Shapira cites another such example of a Jodel poster.
To the cadets that drag VMI through the dirt…You misrepresent who we are as a school,” one person posted. “The press takes the words of a few and magnifies it to epic proportions and call[s] it reality. YOU ARE THE PROBLEM. I’m not a racist I’m a realist.
Shapira’s implication is that the poster’s statement is racist. This is right out of Critical Race Theory — if a white person denies he’s a racist, that’s just proof that he’s racist.
Jodel posts, says Shapira, often demean VMI athletes, many of whom are black, as “permits.”
One cadet fumed over the weekend at the sight of three Black football players apparently dressed inappropriately. “I can’t correct s—ty black football rats without being racist [f]or targeting them. . . . Guess they can live on knowing [t]he entire corps hates them and their class hates them,” the cadet wrote. “If they were good enough to get into another school for football, they wouldn’t be here.”
Shapira quotes a black cadet as explaining that the term “permits” has become a proxy for the n-word. “White cadets, he said, resent Black students for their Division I scholarships and their ability to skip out on military exercises.”
In other words, it’s racist to perceive favoritism toward black athletes and express resentment of that perceived favoritism. And it’s racist to object to the prevailing standards that make it impossible to gripe about favoritism accorded black football players without being called a racist.
Let me be 100% clear here. I am not defending the sophomoric and offensive language these cadets are using online. Nor am I contesting the idea that it is the obligation of the VMI administration to foster an environment that is welcoming to cadets of all walks of life. Like every public higher-ed institution, VMI must strive to be inclusive.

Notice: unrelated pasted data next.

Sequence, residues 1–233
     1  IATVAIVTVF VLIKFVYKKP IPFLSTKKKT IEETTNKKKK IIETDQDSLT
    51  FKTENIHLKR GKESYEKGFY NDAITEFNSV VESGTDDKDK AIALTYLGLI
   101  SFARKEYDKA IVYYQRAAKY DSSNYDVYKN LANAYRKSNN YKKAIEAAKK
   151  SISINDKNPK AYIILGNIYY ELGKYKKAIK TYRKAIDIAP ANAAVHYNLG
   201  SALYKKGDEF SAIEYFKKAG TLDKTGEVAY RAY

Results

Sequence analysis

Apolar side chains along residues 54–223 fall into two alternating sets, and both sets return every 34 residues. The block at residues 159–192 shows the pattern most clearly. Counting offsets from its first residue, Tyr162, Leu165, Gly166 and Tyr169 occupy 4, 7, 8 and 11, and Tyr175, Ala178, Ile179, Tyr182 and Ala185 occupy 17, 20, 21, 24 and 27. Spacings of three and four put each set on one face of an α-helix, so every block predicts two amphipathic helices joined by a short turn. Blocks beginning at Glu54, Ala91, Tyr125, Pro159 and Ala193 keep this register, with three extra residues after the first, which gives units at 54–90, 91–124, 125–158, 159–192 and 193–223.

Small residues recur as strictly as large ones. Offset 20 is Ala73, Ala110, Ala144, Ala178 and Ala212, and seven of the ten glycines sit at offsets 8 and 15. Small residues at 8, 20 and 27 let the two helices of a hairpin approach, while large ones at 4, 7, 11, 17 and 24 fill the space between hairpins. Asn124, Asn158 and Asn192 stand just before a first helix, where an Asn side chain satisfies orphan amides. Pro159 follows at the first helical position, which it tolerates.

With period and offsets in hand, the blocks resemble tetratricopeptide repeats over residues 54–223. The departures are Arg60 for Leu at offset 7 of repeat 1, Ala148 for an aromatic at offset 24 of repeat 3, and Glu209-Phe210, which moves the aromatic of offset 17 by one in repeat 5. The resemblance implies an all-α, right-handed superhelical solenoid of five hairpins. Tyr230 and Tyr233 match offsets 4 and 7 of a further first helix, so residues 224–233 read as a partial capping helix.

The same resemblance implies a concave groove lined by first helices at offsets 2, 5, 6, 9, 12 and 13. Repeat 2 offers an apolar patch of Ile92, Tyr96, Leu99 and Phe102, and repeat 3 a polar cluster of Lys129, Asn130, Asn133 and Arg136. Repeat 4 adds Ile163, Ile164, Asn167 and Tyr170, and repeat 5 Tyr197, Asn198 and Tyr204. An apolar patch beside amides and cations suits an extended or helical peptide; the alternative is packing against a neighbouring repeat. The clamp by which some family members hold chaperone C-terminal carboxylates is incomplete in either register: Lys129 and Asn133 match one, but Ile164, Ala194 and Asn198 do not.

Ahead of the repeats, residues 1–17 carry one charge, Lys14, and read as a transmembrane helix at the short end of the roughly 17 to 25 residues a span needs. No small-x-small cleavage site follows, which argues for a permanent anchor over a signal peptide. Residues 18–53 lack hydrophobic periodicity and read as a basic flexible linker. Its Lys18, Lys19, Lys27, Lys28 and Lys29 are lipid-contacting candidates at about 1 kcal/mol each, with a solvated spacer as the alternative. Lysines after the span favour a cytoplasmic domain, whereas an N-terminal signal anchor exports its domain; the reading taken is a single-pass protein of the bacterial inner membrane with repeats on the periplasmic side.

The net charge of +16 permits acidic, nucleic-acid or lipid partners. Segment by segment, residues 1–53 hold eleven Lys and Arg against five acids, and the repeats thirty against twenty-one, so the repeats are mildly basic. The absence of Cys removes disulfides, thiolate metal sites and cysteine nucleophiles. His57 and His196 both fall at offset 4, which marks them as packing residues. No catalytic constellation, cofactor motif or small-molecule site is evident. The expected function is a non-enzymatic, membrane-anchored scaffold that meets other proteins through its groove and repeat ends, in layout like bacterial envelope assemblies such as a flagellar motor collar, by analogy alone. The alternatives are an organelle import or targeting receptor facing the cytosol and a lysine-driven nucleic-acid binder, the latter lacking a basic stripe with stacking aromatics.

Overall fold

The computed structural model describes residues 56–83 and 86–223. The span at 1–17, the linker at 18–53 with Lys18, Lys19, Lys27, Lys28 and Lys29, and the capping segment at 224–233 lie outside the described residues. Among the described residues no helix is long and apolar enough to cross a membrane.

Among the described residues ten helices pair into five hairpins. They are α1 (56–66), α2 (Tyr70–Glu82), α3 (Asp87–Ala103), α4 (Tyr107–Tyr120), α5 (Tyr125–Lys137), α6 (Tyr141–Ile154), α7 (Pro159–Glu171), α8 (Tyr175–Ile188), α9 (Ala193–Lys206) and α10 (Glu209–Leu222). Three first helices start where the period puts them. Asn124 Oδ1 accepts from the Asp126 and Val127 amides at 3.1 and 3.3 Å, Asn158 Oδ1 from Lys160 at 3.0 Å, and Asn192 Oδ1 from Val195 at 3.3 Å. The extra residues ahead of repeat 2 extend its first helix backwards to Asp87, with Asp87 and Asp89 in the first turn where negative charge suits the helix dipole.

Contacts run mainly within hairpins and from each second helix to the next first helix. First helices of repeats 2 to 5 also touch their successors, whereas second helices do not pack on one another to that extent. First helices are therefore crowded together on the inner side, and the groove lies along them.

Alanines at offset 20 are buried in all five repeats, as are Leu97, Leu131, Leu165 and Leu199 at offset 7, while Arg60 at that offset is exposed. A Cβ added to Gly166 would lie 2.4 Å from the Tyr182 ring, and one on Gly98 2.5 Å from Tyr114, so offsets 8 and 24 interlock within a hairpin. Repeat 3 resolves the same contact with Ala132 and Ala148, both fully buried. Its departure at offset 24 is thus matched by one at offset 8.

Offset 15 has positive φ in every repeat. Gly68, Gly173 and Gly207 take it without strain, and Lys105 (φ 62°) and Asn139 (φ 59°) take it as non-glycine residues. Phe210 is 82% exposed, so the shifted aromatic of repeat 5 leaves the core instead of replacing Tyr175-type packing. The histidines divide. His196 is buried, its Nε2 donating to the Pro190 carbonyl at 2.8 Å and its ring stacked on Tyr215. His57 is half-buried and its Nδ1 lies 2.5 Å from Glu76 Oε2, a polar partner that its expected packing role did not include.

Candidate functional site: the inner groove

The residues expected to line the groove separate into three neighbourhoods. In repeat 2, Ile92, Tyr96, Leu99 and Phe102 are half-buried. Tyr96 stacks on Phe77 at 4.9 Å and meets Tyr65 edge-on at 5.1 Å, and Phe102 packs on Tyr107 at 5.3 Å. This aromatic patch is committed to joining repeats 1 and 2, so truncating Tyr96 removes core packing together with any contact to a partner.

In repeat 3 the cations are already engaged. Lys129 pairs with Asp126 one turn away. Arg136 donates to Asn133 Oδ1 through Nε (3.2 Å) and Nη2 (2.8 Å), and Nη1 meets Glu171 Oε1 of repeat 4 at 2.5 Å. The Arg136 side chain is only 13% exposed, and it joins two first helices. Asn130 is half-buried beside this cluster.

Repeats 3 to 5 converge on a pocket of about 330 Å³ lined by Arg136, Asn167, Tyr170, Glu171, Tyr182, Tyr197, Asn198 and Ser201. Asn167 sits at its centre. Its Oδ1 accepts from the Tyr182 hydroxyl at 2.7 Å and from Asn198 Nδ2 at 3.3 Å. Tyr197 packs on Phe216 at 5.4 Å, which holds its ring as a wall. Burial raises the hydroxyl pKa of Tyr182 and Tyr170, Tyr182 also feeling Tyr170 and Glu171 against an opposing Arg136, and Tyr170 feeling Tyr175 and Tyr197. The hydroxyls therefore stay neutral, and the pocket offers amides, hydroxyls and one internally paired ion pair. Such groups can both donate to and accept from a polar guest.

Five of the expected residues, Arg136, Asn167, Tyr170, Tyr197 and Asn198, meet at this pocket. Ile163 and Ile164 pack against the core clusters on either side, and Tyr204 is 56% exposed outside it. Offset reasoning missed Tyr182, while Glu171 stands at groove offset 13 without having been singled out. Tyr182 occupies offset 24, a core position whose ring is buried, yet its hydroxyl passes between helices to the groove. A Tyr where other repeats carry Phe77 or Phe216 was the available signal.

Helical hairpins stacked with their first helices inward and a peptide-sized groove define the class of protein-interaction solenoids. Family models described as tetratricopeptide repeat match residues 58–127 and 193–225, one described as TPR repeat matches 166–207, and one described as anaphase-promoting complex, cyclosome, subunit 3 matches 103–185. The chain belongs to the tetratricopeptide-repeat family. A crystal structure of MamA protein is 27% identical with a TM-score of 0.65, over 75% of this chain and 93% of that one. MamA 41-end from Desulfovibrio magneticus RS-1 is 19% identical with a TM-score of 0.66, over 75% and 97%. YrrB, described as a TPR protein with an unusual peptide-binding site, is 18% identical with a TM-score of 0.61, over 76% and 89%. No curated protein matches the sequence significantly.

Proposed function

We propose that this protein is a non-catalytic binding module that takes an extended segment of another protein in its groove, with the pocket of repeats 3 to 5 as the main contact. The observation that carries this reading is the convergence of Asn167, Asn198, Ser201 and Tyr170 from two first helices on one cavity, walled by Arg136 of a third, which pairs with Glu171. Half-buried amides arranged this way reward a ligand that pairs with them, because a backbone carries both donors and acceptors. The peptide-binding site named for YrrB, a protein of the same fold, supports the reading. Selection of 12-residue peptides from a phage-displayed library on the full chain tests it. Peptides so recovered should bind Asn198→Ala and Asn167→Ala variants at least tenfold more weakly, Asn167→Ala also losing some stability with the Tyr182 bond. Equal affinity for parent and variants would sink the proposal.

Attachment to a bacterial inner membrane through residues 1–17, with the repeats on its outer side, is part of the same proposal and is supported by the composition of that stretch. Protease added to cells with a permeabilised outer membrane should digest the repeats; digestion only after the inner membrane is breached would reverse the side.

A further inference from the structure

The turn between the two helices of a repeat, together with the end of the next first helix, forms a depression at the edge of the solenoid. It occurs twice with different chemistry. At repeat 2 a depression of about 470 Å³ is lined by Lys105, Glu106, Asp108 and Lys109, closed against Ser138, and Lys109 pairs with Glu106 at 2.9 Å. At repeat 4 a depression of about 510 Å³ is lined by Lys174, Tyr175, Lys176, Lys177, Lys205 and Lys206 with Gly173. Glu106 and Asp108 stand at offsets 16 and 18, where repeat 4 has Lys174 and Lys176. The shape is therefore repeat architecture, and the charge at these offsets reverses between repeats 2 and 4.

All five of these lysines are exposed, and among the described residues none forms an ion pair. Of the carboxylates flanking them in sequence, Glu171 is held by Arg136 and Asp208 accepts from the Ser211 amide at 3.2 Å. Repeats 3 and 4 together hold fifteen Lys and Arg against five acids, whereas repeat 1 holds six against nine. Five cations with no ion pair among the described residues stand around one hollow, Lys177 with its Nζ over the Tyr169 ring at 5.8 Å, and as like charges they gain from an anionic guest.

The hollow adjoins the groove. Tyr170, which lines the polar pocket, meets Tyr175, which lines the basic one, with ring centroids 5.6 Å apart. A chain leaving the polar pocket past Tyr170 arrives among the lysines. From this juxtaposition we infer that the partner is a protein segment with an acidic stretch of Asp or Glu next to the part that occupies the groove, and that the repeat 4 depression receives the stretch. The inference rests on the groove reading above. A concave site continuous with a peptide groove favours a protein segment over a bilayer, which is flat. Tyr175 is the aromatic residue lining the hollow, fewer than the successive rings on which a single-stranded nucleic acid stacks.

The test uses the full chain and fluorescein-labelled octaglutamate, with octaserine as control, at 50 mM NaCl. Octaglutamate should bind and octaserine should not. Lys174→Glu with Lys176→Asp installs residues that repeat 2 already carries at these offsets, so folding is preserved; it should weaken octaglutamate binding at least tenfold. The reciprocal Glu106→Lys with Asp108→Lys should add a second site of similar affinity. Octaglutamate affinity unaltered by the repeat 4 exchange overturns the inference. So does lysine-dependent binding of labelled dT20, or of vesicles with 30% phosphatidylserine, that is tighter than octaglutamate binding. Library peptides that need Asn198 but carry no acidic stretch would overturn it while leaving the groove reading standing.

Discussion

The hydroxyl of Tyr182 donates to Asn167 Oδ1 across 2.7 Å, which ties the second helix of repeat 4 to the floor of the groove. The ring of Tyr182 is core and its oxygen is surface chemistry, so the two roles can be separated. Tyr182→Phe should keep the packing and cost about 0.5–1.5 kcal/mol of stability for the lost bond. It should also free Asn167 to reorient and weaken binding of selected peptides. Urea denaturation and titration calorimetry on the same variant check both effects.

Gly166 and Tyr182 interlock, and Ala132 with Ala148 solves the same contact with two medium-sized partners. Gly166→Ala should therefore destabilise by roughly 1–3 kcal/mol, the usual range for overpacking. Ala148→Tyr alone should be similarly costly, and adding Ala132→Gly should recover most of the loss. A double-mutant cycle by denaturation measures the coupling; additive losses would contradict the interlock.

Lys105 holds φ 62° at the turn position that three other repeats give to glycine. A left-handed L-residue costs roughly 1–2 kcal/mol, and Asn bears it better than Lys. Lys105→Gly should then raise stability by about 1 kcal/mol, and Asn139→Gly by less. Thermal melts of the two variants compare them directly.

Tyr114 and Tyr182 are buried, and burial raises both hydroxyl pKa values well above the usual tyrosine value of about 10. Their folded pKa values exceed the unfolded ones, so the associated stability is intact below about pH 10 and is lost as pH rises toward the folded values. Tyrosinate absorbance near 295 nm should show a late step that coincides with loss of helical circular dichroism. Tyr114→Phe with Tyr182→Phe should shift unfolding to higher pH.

But I am saying that Shapira is pushing the boundaries of what constitutes racism. Anyone who pushes back against accusation of racism is himself deemed racist. Anyone who expresses views about race with which Shapira disagrees is a racist.
When the Washington Post talks, Virginia Democrats listen. When congressional Democrats urge the expulsion of cadets for racism, for all practical purposes, the Washington Post is defining the terms.
Here is where we’re heading: If you disagree with the progressive, social-justice paradigm of the United States and its institutions as systemically racist, you’re a racist. If you express racist thoughts, you are guilty of racist conduct. If you are guilty of racist conduct, you can be expelled from VMI. Your thought crimes in opposition to the social justice movement will get you expelled. Hello, George Orwell.
That’s just crazy, you say. Things will never go that far. Really? Two years ago, people mocked conservatives when they warned that those who wished to remove the Civil War statues come would after statues of slaveholders George Washington and Thomas Jefferson. Turns out, we weren’t pessimistic enough. Now the mob is targeting statues of Abraham Lincoln and Frederick Douglas. Social justice zealots know no bounds. In the quest for power, they seek to delegitimize all of our institutions. VMI, with its roots in the ante-bellum South, is low-hanging fruit. But precedents are being set that should terrify us all.